To get a better sense of how these sociological pressures have helped determine the form of experimental science, let’s play with them a bit. What does a scientific community that is largely private – without transparency and universality – look like? Without transparency, we have that only a select group of researchers in the scientific community has access to the relevant observations. Moreover, without universality, we have that only a few select researchers have the ability to appropriately theorize these observations. Lorraine Daston and Peter Galison in their work Objectivity seem to describe such a state of scientific affairs when they write about “truth-to-nature” naturalism. Here, naturalists were sage-like figures who spent their life studying what was essential or typical about a certain class of natural objects, such as seashells or skeletons. What was shared amongst the scientific community were these idealized drawings, representing not what the naturalist actually saw, but their interpretation of “underlying types” between the class of objects being studied. So, the larger community did not have access to the phenomenon being studied as they weren’t transparently available, and even if they did have access to these phenomenon, only the naturalist who had spent their life studying them had the epistemic authority to interpret them – so the capacity to appropriately theorize the phenomenon was not universally distributed.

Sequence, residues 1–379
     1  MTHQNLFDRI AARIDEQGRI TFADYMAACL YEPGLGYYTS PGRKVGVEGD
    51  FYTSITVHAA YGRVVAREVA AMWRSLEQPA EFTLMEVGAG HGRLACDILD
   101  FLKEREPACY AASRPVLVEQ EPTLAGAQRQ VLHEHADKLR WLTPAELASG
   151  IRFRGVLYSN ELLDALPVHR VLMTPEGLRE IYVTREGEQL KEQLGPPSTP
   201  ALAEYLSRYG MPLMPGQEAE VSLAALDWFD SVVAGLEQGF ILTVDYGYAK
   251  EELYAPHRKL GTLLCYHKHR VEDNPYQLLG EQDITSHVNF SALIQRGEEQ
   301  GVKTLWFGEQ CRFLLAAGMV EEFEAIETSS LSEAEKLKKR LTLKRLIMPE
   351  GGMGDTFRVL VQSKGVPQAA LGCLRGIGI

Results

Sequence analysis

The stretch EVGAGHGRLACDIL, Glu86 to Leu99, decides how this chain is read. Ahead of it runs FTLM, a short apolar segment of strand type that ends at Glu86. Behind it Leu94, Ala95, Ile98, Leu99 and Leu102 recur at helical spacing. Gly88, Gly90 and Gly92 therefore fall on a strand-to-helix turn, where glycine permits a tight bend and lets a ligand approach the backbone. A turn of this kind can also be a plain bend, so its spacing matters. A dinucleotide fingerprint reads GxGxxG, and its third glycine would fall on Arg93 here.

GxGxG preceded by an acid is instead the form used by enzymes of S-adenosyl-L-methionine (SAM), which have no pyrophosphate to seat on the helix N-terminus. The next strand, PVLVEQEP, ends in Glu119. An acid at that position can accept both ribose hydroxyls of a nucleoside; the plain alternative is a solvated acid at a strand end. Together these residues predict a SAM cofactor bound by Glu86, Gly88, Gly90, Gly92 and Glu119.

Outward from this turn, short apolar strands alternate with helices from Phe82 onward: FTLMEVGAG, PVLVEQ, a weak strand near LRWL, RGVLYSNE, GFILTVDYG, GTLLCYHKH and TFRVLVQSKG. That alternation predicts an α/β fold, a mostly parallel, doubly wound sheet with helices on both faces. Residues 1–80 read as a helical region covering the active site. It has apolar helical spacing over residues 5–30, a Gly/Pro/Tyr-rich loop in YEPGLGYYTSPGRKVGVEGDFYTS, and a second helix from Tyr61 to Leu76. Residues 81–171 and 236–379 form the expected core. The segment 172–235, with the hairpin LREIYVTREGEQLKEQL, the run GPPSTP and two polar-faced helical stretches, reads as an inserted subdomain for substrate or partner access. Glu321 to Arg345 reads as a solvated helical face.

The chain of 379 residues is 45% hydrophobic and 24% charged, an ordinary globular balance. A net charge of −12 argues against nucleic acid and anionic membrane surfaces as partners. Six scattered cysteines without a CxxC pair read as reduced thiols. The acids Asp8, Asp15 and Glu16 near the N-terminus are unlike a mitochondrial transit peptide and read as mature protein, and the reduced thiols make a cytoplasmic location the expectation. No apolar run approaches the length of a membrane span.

But private processes of belief creation don’t provide a firm ground upon which to create public knowledge, so there was some push-back to this state of affairs. As Daston and Galison write, the “truth-to-nature practices of selecting, perfecting, and idealizing” as they were seen to be the “unbridled indulgence of the subjective fancies.” This “fear of the naturalist” – that the scientist is reading into his results and picking out ones that fit his theoretical expectations – cast doubt on the scientific knowledge that was produced. They describe the push-back of this to be “mechanical objectivity” – a dialing up of the transparency of natural phenomenon. Instead of publicizing drawn and idealized images, there was an impetus towards photography, to produce images “untouched by human hands.” We see a similar impetus in modern scientific papers in detailed methods sections that provide extensive and detailed reports of the experimental procedure and what was observed, as well as occasional pictures of the experiment and apparatuses used.